Even while Lucio Fulci’s zombie quartet was wowing the splatterati in the early ’80s, any attempt to do critical justice to his underrated non-Z offerings was thwarted, if not by sheer unavailability then by the poorly panned, scanned, expurgated and washed-out looking video releases that some of them did manage… One On Top Of The Other, Lizard In A Woman’s Skin, The Naples Connection, Manhattan Baby and “The Eroticist” all suffered in this way, as did the film under consideration here. All have subsequently been resurrected and reappraised in all their diverse digital glory and now it’s the turn of Fulci’s 1981 effort, The Black Cat…
Fulci only got the gig directing Zombie Flesh Eaters (1979) for Fabrizio De Angelis after both Enzo Castellari and Joe D’Amato had turned it down. When that one scored big time at international box offices, De Angelis overlooked the obvious claims of Fulci to direct his quickie cash-in on his own quickie Dawn Of The Dead cash-in, 1980’s Zombi Holocaust (possibly in an attempt to boost profits by cutting costs, possibly because he just couldn’t get on with the notoriously irascible Fulci), ultimately signing up Castellari’s dad (!?!) Only when City Of The Living Dead aka Gates Of Hell (1980), wrought by Fulci and his crack team of collaborators (Salvati, De Rossi, Frizzi) for rival producer Giovanni Masini, brought home the Grindhouse bacon, did De Angelis see fit to liaise once more with Lucio for that crucial 1981 brace of low-budget living dead miracles The Beyond and House By The Cemetery. In the meantime Fulci had undertaken this predictably looser-than-diarrhoea Pasta Paura variation (“freely adapted”, as the credits readily admit, by Biagio Proietti) on Poe’s portentous pussy parable for producer Giulio Sbarigia.
Much loved by UK horror hounds, Fulci obviously found these British Isles a convivial environment, as witnessed by his swinging London giallo Lizard In A Woman’s Skin (1971) and the Beachy Head opening to The Psychic / Sette Note In Nero (1977.) Here he appears to have gone native, turning in a rendering of The Black Cat that you might swear, if you didn’t know differently, had been produced by Amicus in the early ‘70s. This impression is underscored by the iconic presence of Asylum star Patrick Magee (on top scenery-chewing form) in the role of Professor Robert Miles, whose attempts at communicating with both the eponymous evil moggy and recently deceased inhabitants of his village recall nobody as much as doomed maverick record producer Joe Meek. Rumour has it that this role was originally offered to Peter Cushing.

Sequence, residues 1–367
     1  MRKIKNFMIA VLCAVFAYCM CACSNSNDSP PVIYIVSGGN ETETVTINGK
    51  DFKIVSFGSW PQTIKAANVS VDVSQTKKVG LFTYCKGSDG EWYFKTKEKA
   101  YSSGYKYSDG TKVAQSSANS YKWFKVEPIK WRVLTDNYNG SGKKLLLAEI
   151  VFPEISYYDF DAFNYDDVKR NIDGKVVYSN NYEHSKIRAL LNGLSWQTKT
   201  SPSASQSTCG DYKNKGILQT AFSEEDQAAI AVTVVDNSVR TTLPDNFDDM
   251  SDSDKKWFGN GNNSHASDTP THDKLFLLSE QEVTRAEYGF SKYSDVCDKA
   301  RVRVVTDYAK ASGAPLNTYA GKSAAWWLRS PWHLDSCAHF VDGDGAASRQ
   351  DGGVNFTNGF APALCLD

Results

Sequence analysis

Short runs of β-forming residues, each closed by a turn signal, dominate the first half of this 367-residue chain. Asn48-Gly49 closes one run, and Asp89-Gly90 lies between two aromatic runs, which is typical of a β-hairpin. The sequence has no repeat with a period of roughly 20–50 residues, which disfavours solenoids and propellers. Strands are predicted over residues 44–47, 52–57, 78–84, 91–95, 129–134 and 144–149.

The rolling pea-soupers that frequently fill the screen are another nod to the iconography of Brithorror but also reminiscent of the prevailing weather conditions in City Of The Living Dead’s Dunwich. Needless to say, the man who directed that priest-hanging, brain drilling, gut-puking atrocity doesn’t let all this eldritch atmosphere obstruct the unfolding of the expected cavalcade of ultra-violence… I mean, Daniela Doria’s in this film (misspelled as “Dorio” in its titles, though a victim by any other name…) for Chrissake! Surreptitious hanky panky is often the cause of DD’s demises in Fulci’s films and here, as “Maureen Grayson”, she sneaks off with the amorous Stan to make out in a boat house, only for that darned cat to make off with the key and sabotage the air conditioning, so both of them suffocate (which apparently involves foaming rabidly at the mouth), their putrefying corpses (in a typically gratuitous Fulci touch) subsequently being gnawed on by rats.
Because their disappearance follows hot on the heels of a guy going head first through his windscreen then burning to death in the wreckage of his car (after another run in with that malevolent moggy), Scotland Yard bike over one of their finest, Police Inspector Gorley (!) to this rural backwater. As played by David Warbeck, his double act with local beat bobby Wilson (“Al Cliver” / Pier Luigi Conti) makes for a characteristically skewed and perversely enjoyable Italian take on British police procedure (and approved hair styles!)